Western truth, Chinese truth: the Transatlantic Alliance and the Challenge of China

The Tocqueville Foundation – June 19th, 2020

Following the postponement of the third edition of The Tocqueville Conversations, a very rich discussion was nevertheless held on Friday, June 19, in the form of a videoconference. Moderated by Ana Palacio (former Minister of Foreign Affairs of Spain), this conversation brought together Andrew A Michta (Dean of the College of International and Security Studies at the George C. Marshall European Center), Pavel Fischer (President of the Commission for Foreign Affairs of the Czech Senate) and David Goldman (Essayist and Investor, Asian Times. Author of “You will be assimilated, China’s Plan to Sino-form the World”) on the following topic: Western truth, Chinese truth: The Transatlantic Alliance and the Challenge of China. As we go through a particularly trying year, as Jean-Guillaume de Tocqueville pointed out by way of introduction, China’s role on the world stage is increasingly being questioned.
Indeed, Andrew Michta started the discussion by recalling that since the end of the Cold War, China had become the main challenge for the United States and its European allies, first from a political and commercial point of view, and now militarily speaking. The fact that China is currently increasing its military force, coupled with the fact that its main ally remains Russia, requires the West to radically rethink its relations with China. While this is not a recent issue, the coronavirus crisis has shaken the world order and compressed the timeline.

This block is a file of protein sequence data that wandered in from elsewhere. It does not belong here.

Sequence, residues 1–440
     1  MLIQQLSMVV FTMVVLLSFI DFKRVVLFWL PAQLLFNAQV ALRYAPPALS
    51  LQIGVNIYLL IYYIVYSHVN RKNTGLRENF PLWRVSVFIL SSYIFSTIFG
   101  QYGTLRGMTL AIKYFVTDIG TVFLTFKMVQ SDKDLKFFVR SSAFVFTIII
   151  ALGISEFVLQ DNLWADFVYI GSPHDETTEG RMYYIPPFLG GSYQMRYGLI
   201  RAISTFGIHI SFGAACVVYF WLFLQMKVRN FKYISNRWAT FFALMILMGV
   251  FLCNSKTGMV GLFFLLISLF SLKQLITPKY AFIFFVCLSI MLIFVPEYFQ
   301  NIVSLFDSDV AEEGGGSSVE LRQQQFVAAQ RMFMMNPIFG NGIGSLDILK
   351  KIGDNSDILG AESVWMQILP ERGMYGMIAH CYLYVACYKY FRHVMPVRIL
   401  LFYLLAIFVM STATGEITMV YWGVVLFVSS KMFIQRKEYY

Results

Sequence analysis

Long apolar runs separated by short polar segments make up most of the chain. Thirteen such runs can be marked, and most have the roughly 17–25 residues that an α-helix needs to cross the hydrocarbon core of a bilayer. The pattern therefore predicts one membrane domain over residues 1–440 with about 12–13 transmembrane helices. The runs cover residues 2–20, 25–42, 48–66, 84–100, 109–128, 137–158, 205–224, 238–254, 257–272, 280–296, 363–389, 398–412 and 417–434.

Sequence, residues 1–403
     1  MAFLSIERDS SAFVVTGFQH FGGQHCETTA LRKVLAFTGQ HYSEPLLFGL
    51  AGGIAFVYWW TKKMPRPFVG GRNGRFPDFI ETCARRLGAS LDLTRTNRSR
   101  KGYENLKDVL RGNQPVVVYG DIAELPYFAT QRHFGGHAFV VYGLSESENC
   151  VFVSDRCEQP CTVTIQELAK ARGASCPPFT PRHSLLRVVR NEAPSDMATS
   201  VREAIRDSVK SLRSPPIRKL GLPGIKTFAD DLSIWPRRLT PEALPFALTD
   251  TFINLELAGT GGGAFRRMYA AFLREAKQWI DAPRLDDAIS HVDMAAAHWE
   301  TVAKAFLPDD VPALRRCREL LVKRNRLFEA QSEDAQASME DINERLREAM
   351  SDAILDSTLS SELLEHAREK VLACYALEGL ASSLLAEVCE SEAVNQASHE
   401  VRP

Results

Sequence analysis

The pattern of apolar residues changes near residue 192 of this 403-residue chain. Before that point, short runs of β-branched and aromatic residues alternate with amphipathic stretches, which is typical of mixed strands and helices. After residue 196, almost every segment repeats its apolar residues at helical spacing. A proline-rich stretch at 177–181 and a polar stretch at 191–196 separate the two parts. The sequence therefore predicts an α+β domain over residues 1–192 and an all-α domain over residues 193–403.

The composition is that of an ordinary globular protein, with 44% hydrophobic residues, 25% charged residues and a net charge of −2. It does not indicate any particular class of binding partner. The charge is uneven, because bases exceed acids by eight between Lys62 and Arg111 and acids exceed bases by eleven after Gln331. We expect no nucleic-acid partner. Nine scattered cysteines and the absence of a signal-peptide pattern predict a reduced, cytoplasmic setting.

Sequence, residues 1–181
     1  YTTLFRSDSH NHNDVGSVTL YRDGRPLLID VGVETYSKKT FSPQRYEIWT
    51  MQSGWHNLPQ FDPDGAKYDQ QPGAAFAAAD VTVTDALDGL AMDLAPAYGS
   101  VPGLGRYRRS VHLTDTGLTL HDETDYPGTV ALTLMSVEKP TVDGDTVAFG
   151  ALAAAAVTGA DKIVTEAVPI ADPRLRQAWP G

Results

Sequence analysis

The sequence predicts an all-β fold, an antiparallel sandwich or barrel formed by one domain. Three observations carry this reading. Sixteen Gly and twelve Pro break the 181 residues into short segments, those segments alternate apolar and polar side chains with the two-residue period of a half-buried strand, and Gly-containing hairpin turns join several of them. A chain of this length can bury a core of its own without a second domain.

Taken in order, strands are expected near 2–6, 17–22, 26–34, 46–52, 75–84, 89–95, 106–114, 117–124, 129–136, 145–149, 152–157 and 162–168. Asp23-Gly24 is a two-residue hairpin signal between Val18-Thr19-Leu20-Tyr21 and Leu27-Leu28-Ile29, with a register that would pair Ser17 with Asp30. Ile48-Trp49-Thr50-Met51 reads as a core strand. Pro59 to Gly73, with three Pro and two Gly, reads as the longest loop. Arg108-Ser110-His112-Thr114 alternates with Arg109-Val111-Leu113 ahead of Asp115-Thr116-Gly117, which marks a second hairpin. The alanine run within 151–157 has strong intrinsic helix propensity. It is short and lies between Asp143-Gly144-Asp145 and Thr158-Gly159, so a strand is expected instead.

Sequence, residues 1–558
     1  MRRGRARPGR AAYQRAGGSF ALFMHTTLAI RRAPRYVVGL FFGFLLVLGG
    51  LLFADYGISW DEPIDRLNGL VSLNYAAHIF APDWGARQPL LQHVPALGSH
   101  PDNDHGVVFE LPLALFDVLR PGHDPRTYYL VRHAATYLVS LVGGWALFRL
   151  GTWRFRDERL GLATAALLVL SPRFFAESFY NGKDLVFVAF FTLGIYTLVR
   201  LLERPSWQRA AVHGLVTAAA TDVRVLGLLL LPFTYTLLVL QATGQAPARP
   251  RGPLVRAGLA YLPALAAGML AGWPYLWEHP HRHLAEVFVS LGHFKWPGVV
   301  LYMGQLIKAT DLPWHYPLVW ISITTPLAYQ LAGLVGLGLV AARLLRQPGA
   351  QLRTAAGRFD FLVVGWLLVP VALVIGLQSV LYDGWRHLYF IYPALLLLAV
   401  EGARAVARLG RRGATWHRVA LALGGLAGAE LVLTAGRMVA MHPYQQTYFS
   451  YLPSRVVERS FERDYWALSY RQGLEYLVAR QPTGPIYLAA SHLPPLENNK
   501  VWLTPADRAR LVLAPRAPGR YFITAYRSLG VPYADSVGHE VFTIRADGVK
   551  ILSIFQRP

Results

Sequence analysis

David Goldman then insisted on the historic period we are experiencing today. According to him, the only way to avoid a dangerous Chinese assimilation is to build a transatlantic program designed to accelerate the development of technology (including research on hardware and artificial intelligence), in order to keep the West ahead from China. If the US is willing to invest money in this area and to set up ambitious partnerships with Europe, there is still time to outcompete China.
Pavel Fischer, on the other hand, reiterated the need for a united and coherent Europe in its approach to China. To this end, he pointed out that we still lack knowledge and expertise on Chinese culture and society, its history and language, which is not conducive to making good decisions. Today more than ever, Europe also needs an elite capable of thinking in a way that puts the common interests of the member states back at the center. According to them all, the coronavirus crisis proved that the countries forming the Transatlantic Alliance were too dependent on China and needed to work on reversing this harmful trend. Indeed, multilateralism will not be an option as long as China refuses to comply with international guidelines, including health regulations. That is the reason why Western governments have to be able to propose effective and profitable alternatives to companies currently dealing with China so that they can fall back on existing national potentials.

Sophie Cabanis